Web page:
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Carry-over effects and habitat quality in migratory populations


  • D. Ryan Norris

D. R. Norris, Dept of Biology, Queen's Univ., Kingston, Ontario, Canada K7L 3N6 ( Present address: Centre for Applied Conservation Research, Forest Sciences Centre, Univ. of British Columbia, 3041-2424 Main Mall, Vancouver, British Columbia, Canada V6T 1Z4.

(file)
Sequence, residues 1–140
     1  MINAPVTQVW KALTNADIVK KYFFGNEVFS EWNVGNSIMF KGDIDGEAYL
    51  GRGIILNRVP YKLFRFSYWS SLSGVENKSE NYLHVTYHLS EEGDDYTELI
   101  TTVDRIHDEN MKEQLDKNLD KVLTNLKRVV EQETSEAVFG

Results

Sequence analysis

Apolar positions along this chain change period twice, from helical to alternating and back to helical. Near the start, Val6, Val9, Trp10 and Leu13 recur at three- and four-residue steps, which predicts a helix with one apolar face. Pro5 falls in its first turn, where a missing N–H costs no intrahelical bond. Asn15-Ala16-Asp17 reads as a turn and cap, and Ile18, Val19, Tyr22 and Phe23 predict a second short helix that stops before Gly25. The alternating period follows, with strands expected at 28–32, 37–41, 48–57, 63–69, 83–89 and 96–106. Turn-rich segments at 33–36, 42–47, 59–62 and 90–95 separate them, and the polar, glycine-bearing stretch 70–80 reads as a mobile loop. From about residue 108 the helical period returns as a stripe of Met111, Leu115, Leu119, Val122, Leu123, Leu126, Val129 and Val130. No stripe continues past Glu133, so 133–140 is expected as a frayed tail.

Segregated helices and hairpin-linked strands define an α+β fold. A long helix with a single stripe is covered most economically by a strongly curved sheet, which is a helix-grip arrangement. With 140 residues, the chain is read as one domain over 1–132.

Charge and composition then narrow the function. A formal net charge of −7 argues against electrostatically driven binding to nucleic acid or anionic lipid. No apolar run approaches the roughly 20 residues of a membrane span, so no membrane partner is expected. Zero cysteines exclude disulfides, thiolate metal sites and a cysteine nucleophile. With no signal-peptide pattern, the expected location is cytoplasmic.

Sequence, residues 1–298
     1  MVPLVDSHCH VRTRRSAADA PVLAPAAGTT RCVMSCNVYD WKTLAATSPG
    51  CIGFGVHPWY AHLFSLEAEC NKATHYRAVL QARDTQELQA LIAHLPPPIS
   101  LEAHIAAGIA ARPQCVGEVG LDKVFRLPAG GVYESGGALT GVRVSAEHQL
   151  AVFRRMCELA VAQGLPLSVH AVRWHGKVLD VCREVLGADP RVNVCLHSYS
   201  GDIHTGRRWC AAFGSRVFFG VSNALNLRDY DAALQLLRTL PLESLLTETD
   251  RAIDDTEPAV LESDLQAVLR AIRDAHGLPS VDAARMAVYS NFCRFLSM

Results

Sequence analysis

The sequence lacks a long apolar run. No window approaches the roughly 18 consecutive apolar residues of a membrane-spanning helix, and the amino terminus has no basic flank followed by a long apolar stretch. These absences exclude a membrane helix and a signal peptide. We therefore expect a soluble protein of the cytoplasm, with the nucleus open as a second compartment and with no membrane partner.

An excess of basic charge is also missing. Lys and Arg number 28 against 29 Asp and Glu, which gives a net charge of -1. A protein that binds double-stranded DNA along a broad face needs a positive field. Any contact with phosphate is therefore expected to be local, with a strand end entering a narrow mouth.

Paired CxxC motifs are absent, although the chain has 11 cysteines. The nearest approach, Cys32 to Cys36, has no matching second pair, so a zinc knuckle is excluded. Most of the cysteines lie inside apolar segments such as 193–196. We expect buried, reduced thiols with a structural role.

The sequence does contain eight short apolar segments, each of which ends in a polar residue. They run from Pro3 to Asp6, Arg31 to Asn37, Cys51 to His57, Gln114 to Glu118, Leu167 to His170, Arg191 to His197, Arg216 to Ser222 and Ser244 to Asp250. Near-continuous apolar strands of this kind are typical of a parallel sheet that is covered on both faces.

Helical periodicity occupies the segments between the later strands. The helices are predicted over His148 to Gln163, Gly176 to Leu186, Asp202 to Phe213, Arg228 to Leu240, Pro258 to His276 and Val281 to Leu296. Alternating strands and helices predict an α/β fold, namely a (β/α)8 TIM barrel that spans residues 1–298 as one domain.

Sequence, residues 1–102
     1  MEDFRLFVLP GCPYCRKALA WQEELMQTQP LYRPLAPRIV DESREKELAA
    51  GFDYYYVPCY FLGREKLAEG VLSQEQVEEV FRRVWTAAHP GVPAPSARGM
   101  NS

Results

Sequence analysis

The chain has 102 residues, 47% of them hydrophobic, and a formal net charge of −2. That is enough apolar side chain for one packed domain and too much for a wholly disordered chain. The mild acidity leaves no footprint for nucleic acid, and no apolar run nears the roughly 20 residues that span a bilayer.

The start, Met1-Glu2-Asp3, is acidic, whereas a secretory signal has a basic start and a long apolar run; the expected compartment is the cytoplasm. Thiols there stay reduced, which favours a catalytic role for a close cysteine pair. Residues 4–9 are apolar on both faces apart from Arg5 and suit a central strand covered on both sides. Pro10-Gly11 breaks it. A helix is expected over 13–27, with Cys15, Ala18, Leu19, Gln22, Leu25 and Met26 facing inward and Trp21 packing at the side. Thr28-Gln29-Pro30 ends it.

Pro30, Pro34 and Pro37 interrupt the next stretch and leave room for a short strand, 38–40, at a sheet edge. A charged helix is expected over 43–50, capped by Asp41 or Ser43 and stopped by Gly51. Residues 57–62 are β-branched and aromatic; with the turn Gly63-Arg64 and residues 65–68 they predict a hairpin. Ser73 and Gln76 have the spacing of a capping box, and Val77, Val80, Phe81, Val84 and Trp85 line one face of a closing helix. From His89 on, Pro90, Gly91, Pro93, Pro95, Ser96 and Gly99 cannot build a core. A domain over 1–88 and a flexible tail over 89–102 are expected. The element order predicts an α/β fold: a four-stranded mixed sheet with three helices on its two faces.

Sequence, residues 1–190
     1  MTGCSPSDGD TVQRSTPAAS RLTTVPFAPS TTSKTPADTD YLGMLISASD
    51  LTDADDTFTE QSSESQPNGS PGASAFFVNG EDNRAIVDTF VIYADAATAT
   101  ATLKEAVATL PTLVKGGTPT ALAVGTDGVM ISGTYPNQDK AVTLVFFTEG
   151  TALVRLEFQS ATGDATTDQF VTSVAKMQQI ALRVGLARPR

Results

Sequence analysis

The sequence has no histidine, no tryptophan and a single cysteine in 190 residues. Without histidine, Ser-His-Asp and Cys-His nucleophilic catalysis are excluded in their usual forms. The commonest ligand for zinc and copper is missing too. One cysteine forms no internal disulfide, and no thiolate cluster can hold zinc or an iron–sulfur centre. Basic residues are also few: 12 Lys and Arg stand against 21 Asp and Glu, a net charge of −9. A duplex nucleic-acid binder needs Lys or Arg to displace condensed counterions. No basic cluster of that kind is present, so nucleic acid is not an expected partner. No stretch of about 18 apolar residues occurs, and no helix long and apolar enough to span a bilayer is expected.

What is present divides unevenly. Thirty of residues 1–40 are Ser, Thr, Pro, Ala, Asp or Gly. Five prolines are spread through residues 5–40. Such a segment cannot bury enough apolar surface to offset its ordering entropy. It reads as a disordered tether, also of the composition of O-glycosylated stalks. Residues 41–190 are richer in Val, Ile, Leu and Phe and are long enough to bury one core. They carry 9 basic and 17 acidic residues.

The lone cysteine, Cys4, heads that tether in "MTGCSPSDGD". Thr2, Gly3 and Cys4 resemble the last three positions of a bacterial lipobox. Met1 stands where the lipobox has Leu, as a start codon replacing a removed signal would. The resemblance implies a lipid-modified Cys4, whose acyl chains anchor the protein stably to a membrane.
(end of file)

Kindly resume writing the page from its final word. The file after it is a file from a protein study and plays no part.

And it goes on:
Determining the factors that influence migratory population abundance has been constrained by the inability to connect events in different periods of the annual cycle. Carry-over effects are events that occur in one season but influence individual success the following season and recent empirical evidence suggests that they may play an important role in migratory population dynamics. Using a long distance migratory shorebird as an example, I incorporate carry-over effects and changes in the relative amount of habitat quality into a density-dependent equilibrium population model. The model uses the example where the quality of habitat on the wintering grounds (nonbreeding season) influences breeding output the following summer (breeding season). Carry-over effects, however, may be manifested in a number of other ways that could influence population dynamics. In the simulations, population declines occur when habitat is lost on the wintering grounds. However, results show that carry-over effects can magnify these declines when a disproportionate amount of high quality habitat is lost the previous winter. Simulations also show that carry-over effects can have a relative, positive impact on population size when the majority of habitat that is lost in the previous season is low quality. In this case, the carry-over interacts with density-dependence the following season producing an additive and positive effect, buffering the population from severe declines. To predict changes in population size of migratory animals, it will be important to determine (i) which demographic factors in which season produce strong carry-over effects and, (ii) not just the amount, but the relative quality of habitat that is lost. If carry-over effects are significant, they could potentially mitigate ‘seasonal compensation effects’ from density-dependence, leading to exacerbated population declines.

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